If they haven't been rebuilt start there.  Better yet start by rounding up a few old Rochesters for parts.  They are all over just look.  When everything is soaked clean start matching parts.

               1.   Look at all your jet stands (letter D in Fig. B, also Fig. C) you will see a small passage running between the power valve opening and the main jet opening. This controls the air/fuel mixture for the full power (power valve) circuit.  This was small on 216 and early 235 carbs but was enlarged considerably on later carbs.  I didn't have anything small enough to measure these holes so I just installed the later, larger ones.   What this gives you is a richer mixture under acceleration so that you can run a leaner main jet for normal cruising.  More mileage, same power when you need it.   Good trade off Ay!

                2.   All the power valve springs should be the same (letter F in Fig. B).  No I don't know how to measure a spring that light but if the wire diameter is the same and they have the same free length and the same number of coils it is the same.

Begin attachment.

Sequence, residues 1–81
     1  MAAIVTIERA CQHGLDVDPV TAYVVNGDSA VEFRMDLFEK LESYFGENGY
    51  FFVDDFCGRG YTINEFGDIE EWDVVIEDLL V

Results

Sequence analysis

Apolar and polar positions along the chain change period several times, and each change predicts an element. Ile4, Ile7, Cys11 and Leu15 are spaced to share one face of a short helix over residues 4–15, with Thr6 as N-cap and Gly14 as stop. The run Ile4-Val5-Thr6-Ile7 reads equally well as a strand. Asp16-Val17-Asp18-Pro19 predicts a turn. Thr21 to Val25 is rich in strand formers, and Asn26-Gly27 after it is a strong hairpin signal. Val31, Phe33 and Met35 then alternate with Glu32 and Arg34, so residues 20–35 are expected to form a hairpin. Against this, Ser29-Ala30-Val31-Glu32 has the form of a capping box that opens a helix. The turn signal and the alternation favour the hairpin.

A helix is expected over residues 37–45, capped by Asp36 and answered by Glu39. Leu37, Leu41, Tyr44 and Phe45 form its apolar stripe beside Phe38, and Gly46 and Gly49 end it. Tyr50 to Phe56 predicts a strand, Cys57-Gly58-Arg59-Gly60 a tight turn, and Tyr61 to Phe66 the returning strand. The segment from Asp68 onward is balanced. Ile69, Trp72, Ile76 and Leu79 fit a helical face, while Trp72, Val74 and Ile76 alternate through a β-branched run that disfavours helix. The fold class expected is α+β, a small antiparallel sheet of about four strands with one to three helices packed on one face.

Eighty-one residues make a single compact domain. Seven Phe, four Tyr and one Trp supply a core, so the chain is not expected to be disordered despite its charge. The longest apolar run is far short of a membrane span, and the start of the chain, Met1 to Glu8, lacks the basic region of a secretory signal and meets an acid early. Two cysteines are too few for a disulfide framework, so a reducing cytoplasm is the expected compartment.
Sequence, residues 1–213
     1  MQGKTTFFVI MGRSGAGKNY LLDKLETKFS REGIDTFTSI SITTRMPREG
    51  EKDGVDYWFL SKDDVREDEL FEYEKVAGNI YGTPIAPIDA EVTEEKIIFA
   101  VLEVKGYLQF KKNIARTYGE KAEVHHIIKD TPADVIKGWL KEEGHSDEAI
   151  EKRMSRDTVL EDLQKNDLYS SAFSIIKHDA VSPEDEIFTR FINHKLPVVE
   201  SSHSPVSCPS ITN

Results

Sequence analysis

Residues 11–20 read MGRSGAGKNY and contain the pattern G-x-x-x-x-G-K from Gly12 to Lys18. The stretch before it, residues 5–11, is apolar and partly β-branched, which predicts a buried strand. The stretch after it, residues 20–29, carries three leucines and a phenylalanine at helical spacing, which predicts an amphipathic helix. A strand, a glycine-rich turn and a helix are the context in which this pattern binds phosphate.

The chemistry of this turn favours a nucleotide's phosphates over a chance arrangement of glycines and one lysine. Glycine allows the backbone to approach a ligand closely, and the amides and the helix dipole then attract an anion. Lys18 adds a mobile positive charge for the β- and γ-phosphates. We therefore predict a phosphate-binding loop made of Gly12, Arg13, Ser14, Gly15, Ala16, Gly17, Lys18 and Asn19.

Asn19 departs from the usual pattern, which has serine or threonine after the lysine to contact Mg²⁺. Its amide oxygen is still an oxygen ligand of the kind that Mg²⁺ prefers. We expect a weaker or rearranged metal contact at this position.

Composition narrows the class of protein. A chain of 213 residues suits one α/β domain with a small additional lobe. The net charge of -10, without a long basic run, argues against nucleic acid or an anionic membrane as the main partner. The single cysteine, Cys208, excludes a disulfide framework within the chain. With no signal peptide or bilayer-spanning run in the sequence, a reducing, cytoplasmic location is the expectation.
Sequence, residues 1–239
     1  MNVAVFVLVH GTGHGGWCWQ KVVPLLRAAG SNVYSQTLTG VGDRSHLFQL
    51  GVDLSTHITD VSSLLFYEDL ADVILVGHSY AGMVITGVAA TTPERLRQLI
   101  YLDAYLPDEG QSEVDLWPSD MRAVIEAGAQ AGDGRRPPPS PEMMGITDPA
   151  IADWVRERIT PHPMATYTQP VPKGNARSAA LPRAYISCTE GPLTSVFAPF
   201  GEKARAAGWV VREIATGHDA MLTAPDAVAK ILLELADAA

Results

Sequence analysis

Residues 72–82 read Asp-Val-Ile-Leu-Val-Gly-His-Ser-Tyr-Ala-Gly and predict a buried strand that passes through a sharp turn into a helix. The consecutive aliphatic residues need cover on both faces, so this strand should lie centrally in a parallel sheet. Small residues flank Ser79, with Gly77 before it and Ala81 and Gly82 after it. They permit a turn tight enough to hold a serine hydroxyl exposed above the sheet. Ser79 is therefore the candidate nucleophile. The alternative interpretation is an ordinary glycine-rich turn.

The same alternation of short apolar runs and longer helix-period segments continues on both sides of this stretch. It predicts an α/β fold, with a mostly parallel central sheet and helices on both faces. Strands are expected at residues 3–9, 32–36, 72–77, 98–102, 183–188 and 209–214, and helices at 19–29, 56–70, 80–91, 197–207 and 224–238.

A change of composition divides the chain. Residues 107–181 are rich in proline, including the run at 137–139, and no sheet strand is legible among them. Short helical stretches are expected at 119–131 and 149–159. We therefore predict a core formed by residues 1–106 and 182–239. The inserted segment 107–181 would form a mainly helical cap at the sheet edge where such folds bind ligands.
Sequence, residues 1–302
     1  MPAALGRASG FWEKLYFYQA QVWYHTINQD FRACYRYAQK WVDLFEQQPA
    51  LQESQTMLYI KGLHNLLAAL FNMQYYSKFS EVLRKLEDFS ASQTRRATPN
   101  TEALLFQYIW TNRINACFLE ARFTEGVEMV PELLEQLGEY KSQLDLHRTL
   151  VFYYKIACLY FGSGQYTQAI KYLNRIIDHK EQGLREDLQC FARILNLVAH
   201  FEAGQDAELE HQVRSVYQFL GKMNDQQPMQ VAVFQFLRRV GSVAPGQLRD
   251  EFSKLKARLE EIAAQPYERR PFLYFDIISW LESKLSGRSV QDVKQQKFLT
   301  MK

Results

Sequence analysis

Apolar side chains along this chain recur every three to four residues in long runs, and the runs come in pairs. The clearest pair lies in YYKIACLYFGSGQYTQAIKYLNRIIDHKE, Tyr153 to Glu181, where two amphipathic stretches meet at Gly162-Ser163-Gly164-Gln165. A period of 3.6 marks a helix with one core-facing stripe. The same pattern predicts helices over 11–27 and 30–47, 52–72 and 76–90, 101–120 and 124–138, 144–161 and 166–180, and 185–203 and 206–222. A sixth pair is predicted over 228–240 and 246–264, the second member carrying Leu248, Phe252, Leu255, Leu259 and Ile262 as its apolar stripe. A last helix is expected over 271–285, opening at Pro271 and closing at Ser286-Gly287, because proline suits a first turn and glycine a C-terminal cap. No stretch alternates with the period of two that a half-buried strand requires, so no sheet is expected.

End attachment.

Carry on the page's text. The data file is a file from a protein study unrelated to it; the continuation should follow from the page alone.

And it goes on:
3.   The power valve pistons should be the same (letter E Fig. B).  This may be somewhat difficult as there were many different styles.  I finally found one which I could turn down to match another!

                4.   Be sure the check ball for the powervalve (letter C Fig. B) is the smaller one in the kit otherwise it will hang up and leave the power valve always open.  The same thing will happen if you transpose spring B with ball C.

                5.   The U shaped accelerator pump linkages should also have the same configuration.   So that all pumps work in unison.  Don't make the mistake of lengthening the linkage as that doesn't allow the accel. pump to operate until the throttles are already partially opened.  Bring the longer ones down to the shortest length.

                6.   The last match should be the jets.  Try starting with around a 51 jet.   Use factory jets or drill them all.  A mix match of factory and drilled jets will not work properly as they will not flow the same.

                7.   Put the carbs together with the floats set to factory specs.  If you don't have neoprene needle and seat assemblies go get some.

                8.   Drive the car and note where the shortcomings are.  Be sure to drive the car quietly as well as jumping on it.  I suspect your hesitation will be worse, especially under easy acceleration (like trying to keep the headers quiet while John Law is watching!).